I just finished my garage again after a big flood we had here couple years ago

use common sense when planning for things

figure out what you will be doing in the space,
if you work on your own car have a space designed for that with tool cabinets and storage in the same space that will satisfy your needs
of course a lift.. I prefer a 4 post lift as they are much more residential friendly and you can also use it for long term storage of a car (two post you really should not do that) w large, wide track 4 post and two rolling jacks you will be able to do 99 percent of work on any part of the car.

design your work space to maximize storage ( you can choose cabinets and or shelving units or both to suit your needs and space)

depending on how big the over all garage will be you can designate a separate area for just parking cars and you can display your wall art or other art there,,

leave a space for sink so make accommodation for a large sink you can use a restaurant style sink or whatever suits your needs and or space available.

an area preferably in the clean part of the garage for a fridge would be nice, think commercial fridge, they are cheap enough now.

you can even think about doing a sitting area if the garage is big enough, ( that was one luxury I couldnt afford in my build) but I think a sitting area would be very cool

go big on lighting its never enough. more is definitely better, if you design overhead cabinets and counter make sure you put some lights under the overhead cabinets there are tons to chose from flourecent is my choice, LED is another great choice.

now is also the time to think about running compressed air lines in the walls and terminate them with manifolds in different spots around the work space and perhaps you can make a little shed for a large capacity compressor outside the garage which can be plumbed in (no noise inside the garage when compressor is on) you can even wire it so you can turn it on and off from inside the garage

do the same with electrical, make sure you have plenty of outlets and plenty of 240.. specially if you decide to run the compressor as I suggested the space there should have both a 110 and 240 available

when you choose a lift buy a 240V not 115 (takes a lot longer to raise the car, may not seem like a big deal but if you work on the car a lot it becomes a pain (ask me how I know)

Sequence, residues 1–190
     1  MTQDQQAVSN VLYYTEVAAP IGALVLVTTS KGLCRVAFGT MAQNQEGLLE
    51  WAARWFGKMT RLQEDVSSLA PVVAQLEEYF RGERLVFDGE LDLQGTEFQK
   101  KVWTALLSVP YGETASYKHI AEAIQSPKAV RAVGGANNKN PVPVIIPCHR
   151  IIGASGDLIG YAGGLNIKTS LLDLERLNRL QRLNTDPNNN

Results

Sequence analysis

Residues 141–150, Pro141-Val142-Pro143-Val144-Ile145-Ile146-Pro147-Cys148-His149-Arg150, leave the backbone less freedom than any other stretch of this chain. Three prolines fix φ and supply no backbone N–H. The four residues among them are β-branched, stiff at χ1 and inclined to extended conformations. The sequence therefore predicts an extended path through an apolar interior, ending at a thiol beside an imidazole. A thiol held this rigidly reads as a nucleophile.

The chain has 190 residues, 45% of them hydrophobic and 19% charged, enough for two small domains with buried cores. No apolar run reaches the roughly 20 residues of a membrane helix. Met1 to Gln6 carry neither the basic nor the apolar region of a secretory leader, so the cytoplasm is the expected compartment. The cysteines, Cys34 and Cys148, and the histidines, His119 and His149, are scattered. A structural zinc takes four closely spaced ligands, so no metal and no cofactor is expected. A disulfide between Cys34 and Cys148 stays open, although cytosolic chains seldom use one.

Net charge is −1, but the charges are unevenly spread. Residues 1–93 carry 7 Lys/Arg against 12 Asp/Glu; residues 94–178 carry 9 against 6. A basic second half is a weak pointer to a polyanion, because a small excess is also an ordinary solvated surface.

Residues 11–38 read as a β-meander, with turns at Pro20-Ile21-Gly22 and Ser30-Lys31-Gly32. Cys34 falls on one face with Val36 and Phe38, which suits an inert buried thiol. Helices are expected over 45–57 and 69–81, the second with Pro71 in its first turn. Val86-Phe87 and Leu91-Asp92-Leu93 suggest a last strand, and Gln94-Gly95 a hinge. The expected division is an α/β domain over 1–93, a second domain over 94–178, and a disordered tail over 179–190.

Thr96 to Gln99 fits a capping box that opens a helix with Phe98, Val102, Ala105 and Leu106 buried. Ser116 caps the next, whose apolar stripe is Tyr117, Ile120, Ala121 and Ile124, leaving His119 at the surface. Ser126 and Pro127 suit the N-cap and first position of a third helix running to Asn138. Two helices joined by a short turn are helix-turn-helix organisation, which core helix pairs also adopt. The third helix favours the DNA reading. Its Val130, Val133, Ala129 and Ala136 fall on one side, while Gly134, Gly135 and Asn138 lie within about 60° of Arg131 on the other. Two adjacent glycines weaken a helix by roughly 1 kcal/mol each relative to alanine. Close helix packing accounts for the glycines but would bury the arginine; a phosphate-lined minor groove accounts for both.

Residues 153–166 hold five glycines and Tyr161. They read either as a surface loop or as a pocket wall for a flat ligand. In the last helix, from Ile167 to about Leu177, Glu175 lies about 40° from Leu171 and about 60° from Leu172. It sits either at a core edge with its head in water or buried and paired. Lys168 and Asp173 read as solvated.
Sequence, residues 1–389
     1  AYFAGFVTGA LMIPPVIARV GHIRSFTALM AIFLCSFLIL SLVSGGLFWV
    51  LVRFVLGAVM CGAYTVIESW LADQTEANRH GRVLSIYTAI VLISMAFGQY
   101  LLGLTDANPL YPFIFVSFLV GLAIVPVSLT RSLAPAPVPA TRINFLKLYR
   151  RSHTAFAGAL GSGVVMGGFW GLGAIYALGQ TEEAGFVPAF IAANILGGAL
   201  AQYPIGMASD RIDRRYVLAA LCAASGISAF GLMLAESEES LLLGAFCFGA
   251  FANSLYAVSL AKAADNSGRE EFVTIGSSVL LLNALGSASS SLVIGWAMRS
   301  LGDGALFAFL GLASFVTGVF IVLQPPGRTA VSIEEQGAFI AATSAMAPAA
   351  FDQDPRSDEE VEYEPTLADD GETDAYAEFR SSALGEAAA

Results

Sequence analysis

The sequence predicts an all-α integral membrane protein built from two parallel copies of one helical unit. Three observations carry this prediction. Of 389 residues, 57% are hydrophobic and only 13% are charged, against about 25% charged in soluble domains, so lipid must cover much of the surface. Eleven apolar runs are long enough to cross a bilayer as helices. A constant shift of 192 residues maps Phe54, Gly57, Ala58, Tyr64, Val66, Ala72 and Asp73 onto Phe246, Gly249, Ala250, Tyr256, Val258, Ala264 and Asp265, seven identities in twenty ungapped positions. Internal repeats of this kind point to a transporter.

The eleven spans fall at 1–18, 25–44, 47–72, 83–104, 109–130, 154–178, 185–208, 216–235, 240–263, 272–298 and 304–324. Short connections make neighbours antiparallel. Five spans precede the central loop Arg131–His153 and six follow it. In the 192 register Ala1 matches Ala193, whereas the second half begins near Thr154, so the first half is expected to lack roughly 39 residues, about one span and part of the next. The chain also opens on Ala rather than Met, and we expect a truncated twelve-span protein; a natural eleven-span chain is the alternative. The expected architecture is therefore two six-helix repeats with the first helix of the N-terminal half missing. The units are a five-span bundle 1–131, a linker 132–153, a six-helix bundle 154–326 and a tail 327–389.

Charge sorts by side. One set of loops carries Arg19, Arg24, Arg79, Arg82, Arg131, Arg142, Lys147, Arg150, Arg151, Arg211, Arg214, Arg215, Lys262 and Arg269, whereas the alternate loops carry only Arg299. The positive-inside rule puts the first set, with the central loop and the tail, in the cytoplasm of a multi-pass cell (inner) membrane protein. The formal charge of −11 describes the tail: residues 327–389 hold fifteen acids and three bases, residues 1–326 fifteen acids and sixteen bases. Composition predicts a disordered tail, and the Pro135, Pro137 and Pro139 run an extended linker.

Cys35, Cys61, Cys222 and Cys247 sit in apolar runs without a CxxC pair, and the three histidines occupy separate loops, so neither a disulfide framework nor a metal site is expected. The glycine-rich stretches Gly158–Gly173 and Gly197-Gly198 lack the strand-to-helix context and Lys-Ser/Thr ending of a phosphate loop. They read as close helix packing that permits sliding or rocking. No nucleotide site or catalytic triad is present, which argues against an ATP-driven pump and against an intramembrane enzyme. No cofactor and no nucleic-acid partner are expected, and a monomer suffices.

also plum a 240 outlet above in the ceiling where the lift will go you can power the lift directly from above no need to have wires hanging any where in the way

in the same way ( on the ceiling) you can have retractable electric reels hanging from appropriate spots around the work space, you can even do the same for air reels.

as for heating and cooling by far the most bang for buck are wall/window units.. not the best looking but two 24000 btu units should not cost more than 700 bucks each and since you are designing from scratch you can opt to put the units in a wall that is not attached to the house, both can be on the same wall just on either ends of the wall that should give you enough coverage for your space ( I would position them high up on the wall maybe a couple of feet away from the ceiling so you will need 240v outlets in those spots as well) the large btu units usually use 240. the backs of the units will just stick out and you can run drain lines to the ground from the outside . they also come with remote controls so you can easily turn them on and off even if they are way up high.

there are so many other things to think about I could probably write a book the possibilities are endless but the proposition of building a new garage is exciting do your research well ahead of time once you build it it will be difficult to make a major change.

only other thing to add is if you want to go big have your contractor install a heavy duty header beam in the ceiling( that could support a 1000 lbs) towards the front of where the lift will go, to which you can attach a wench to that way you can use it to pull an engine out if you ever need to .. a heavy duty wench is very cheap and beats having a big clunky engine hoist laying around ..

hope this helps.
 
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soroush

Ford Gt Owner
Mark II Lifetime
Aug 8, 2007
4,903
ie
 

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Biginch Blake

GT Owner
Mark II Lifetime
Nov 4, 2008
829
Rockville, Indiana
Best advice I can give is don’t attach to house, if it attached to house the wife thinks she owns part of it. “And that’s all I got to say”. LOL 👊
 
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twobjshelbys

GT Owner
Jul 26, 2010
4,906
Las Vegas, NV
Also there will be different rules if this is also shared space for the daily drivers and what the goal for the rest of the space is. ie man cave vs wood shop.